What’s more, when taxes go high enough, they become self-defeating because the more money the government takes out of the private sector, the less money that is left for jobs in the private sector. This is because much of the money that is being paid in taxes would otherwise be invested in companies—especially by people in higher brackets. So fewer jobs translate to fewer tax revenues. And it’s taxes collected on people working in the private sector that subsidize people working in the public sector, so eventually those jobs (mainly at the state and local levels) get hit too.

And when income taxes don’t bring in enough money, well, who can blame a government that is running a huge deficit for looking around at other places to find money? Like bank accounts.

Wednesday, March 20, 2013

What Us Worry?

The bar for an official “crisis” in the Euro Zone seems to get higher and higher. Basically, if a major collapse of part of the continent’s economy does not seem likely on this very day, then we’re not in crisis.

It seems as though anything that gets us through the month or the week or even just the rest of the day is hailed as “crisis averted.”

I notice that President Obama has adopted this same short-term approach. In his Good Morning America interview with George Stephanpoulos last week, the president said, “We don’t have an immediate crisis in terms of debt. In fact, for the next 10 years, it’s gonna be in a sustainable place.”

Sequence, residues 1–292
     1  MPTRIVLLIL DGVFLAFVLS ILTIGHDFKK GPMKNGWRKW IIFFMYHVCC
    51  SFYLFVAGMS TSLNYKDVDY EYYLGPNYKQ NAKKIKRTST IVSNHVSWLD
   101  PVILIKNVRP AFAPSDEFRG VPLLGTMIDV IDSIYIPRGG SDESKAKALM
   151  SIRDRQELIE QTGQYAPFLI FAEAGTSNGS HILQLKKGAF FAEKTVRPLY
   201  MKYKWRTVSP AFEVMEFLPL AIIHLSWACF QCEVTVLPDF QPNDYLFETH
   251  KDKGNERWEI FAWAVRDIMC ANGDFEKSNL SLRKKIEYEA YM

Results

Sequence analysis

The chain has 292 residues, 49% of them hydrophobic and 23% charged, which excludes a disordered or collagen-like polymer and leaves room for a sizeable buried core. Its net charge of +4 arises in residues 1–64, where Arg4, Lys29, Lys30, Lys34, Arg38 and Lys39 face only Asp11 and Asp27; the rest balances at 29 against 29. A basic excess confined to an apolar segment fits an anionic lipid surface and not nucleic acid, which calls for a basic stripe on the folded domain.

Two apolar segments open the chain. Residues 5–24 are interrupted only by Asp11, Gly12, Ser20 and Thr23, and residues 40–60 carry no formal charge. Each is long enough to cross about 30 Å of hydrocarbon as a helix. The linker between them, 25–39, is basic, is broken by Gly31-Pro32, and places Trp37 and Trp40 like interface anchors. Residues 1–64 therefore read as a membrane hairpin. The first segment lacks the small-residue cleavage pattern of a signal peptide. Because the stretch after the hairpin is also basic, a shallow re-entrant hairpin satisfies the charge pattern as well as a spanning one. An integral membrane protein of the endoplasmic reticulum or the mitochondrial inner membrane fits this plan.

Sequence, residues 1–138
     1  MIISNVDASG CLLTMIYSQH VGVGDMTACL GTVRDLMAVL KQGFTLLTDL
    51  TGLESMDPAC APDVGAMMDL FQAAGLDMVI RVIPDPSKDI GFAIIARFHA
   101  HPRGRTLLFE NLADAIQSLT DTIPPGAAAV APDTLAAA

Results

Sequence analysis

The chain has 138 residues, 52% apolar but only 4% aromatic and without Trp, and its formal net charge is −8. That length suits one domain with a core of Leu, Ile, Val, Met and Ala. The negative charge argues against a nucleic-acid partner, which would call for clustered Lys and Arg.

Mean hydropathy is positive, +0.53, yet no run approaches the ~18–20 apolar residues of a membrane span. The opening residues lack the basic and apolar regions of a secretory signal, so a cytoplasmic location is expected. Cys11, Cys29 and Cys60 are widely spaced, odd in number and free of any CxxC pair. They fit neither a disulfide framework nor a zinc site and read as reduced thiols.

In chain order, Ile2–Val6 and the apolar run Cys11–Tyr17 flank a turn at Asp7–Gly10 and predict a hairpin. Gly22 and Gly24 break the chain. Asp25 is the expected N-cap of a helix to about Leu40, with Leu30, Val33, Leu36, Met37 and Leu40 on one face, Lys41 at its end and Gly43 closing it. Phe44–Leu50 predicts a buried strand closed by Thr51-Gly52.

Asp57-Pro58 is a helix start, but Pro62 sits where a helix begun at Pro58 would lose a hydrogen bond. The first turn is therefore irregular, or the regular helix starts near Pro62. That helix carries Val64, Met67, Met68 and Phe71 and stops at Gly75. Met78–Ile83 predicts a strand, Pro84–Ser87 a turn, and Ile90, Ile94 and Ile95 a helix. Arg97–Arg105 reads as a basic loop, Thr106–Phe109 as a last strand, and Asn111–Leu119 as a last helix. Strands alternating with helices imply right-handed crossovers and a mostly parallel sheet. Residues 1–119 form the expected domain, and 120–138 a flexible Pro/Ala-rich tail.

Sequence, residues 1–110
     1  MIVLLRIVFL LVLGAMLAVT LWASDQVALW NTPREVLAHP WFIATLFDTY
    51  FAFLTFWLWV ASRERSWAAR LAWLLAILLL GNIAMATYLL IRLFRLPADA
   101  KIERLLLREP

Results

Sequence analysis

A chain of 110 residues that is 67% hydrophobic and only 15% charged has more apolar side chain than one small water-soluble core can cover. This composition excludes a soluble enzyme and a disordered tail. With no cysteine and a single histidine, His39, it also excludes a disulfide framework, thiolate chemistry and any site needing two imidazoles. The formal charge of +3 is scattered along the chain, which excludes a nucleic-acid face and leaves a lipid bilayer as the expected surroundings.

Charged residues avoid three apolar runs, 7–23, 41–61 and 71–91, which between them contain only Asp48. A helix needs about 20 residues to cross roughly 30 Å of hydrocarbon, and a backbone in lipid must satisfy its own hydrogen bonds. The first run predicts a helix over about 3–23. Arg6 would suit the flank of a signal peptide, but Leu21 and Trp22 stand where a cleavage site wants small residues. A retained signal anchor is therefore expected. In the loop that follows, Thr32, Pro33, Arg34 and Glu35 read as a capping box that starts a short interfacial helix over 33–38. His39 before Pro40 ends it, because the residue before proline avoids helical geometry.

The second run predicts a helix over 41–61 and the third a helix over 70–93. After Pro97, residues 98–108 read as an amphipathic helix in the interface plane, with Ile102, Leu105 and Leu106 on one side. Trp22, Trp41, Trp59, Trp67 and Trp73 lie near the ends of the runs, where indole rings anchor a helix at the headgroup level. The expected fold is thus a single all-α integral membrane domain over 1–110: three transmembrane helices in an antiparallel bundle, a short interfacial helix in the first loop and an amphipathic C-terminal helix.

If that’s true, it’s only because he’s president of the United States of America and not of any other country on earth because few other countries would still be able to keep on borrowing money when their debt-to-GDP ratio had exceeded 100 percent and is still growing because its huge entitlement programs are on auto-pilot in terms of promises made to the current and future generations.

In fairness, the president is 100 percent correct, in the sense that there is no immediate crisis. This is because there is still a fair amount of time to avert disaster. The problem is that he shows no interest in averting disaster, but time keeps marching on anyway. Presumably one of his successors can deal with all this. But by then, the necessary corrections will be that much more painful. If he really cares about the people who are and will be dependent on Medicare and other entitlements, why is he making no move to ensure that they survive?